John Adams Letters document,


Philadelphia, 19 March, 1796.


WE have a turn of weather as cold as any we have had through the whole winter. The violence of the north-west wind, which has thrown down chimneys and blown off roofs in this city, we suppose, has pre vented the eastern mail from crossing the North River and deprived me of my Thursday's letter as yet. I hope it will come to-day.

A thousand and one speeches have been made in the House of Representatives upon the motion for petitioning the President for papers. Twenty complete demonstrations have been made of the constitutionality of it, and twenty more of its unconstitutionally. Ten of its expediency, and as many of its in expediency. Five of its utility, and the same number of its inutility. After all, they will ask and receive, and then lash and maul awhile, and then do the needful. I dined on the 17th with the friendly sons of St. Patrick, and to-day I dine with Rush. Judge Gushing departs this morning, and Mrs. Gushing will call upon you. Ellsworth embarks in a day or two for South Carolina and Georgia.

We have a party business from Kentucky ; a strange complaint against Mr. Marshall, which obliges us to sit to-day, Saturday. I regret this, because it is too exhausting to me to sit so constantly. My task is pretty severe, especially in cold weather. This wind will delay intelligence from Europe for ten days or a fortnight. Liancourt is going with Ellsworth, and Talleyrand talks of embarking for Hamburg. Having no horse, and reading more and walking less than usual, I am solicitous about my health. The birds, in numbers and variety, began to sing, and the grass to grow green, before this last gripe of Queen Mab. The poor birds have hard times now.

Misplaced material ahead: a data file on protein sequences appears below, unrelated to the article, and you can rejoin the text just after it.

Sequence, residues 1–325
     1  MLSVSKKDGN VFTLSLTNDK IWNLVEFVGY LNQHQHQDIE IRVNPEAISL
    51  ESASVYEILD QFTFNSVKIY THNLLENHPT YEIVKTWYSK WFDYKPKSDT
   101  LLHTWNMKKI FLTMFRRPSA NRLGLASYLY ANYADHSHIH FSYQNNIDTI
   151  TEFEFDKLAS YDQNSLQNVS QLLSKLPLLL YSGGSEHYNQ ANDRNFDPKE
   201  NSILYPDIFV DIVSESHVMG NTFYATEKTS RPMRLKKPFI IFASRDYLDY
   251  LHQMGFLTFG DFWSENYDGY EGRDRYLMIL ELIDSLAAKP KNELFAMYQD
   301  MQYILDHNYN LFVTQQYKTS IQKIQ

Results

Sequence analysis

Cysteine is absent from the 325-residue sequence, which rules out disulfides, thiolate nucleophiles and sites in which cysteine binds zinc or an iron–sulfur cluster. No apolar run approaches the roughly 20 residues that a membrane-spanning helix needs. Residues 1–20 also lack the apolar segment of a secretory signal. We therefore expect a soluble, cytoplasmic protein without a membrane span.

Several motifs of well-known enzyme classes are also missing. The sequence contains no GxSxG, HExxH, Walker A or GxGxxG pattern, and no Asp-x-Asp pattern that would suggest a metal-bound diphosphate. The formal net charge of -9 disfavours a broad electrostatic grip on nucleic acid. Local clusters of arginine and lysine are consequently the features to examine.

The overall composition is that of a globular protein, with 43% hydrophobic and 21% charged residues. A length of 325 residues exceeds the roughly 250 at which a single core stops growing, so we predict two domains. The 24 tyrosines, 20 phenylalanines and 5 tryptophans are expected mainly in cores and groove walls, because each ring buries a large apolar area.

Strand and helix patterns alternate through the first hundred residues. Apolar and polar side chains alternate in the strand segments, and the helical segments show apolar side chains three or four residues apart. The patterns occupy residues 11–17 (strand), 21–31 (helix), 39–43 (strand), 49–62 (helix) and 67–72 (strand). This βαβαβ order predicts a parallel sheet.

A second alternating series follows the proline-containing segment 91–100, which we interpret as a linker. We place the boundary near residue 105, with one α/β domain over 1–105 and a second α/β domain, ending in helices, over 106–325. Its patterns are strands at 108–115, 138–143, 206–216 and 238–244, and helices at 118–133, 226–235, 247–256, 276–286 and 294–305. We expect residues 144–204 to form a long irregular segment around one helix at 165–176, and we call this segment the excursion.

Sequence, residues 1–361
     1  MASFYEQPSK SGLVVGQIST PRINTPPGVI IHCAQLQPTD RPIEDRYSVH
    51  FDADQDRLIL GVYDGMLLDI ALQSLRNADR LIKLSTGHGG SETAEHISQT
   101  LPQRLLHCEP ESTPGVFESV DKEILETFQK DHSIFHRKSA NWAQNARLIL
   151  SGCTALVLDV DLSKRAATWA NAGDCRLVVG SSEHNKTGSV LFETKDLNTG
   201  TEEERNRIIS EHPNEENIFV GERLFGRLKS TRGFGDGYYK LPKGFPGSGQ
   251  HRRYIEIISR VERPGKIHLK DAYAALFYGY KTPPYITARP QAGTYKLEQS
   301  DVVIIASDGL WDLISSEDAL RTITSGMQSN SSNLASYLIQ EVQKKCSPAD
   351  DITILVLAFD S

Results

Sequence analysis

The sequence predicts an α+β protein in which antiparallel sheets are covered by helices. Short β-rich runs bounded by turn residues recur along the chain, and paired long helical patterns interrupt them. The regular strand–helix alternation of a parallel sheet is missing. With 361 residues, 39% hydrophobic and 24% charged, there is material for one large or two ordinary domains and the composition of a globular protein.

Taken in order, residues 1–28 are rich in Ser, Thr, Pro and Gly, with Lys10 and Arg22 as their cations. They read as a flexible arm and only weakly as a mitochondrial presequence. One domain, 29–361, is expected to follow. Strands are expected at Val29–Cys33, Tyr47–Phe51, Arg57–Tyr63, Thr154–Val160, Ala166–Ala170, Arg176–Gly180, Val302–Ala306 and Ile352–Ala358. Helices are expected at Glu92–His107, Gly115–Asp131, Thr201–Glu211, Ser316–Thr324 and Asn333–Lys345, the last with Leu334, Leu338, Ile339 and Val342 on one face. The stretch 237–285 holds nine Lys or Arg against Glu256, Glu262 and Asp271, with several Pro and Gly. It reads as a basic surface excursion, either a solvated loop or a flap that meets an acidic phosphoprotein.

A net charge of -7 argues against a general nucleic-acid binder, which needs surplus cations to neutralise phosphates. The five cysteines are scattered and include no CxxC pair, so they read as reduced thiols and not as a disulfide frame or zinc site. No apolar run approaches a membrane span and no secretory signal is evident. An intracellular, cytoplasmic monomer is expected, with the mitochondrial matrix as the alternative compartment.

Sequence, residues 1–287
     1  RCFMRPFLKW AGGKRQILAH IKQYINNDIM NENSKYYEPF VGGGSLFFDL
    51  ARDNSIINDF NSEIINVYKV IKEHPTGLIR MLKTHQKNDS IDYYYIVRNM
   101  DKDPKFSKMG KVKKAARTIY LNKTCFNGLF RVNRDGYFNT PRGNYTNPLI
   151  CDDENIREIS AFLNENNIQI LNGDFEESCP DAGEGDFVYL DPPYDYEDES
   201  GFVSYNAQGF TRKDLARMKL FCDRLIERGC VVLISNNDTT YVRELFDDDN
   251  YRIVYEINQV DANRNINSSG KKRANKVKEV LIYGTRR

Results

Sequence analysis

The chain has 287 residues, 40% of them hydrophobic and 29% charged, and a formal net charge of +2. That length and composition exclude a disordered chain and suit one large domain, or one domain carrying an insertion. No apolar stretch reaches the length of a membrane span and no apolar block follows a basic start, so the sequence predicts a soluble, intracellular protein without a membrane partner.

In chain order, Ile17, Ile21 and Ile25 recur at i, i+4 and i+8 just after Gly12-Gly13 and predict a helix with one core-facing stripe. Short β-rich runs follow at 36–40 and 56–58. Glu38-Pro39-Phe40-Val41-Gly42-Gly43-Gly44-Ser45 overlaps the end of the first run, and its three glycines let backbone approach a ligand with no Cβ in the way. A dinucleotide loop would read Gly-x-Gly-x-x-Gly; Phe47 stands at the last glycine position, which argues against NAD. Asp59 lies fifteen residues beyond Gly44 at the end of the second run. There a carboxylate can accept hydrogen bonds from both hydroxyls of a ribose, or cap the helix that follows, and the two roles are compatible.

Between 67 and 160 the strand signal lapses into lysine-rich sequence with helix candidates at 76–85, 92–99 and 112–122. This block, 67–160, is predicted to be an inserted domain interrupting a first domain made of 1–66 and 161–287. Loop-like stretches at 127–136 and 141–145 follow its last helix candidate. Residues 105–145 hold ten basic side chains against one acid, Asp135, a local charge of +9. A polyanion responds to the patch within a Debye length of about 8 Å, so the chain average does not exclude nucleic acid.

I cannot see a ray of hope before June. If the House should be frenzical, we must sit till next March, and leave it to the people to decide by choosing a new President, Senate and House, who will harmoniously go all lengths, call George a tyrant to his face, the English nation pirates, break the treaty, enter into an alliance offensive with France, and go to war with spirit, consistency and dignity. But I believe the House will adopt the language which says that the just keep their promises though they have made them to their hurt, and that they must make the best of a bad bargain, and come off thus, as well as they can, by abusing Jay, President, and Senate, and treaty, without pretending to annul it.

Hi ! ho ! Oh dear ! I am, most tenderly,

J. A.

John Adams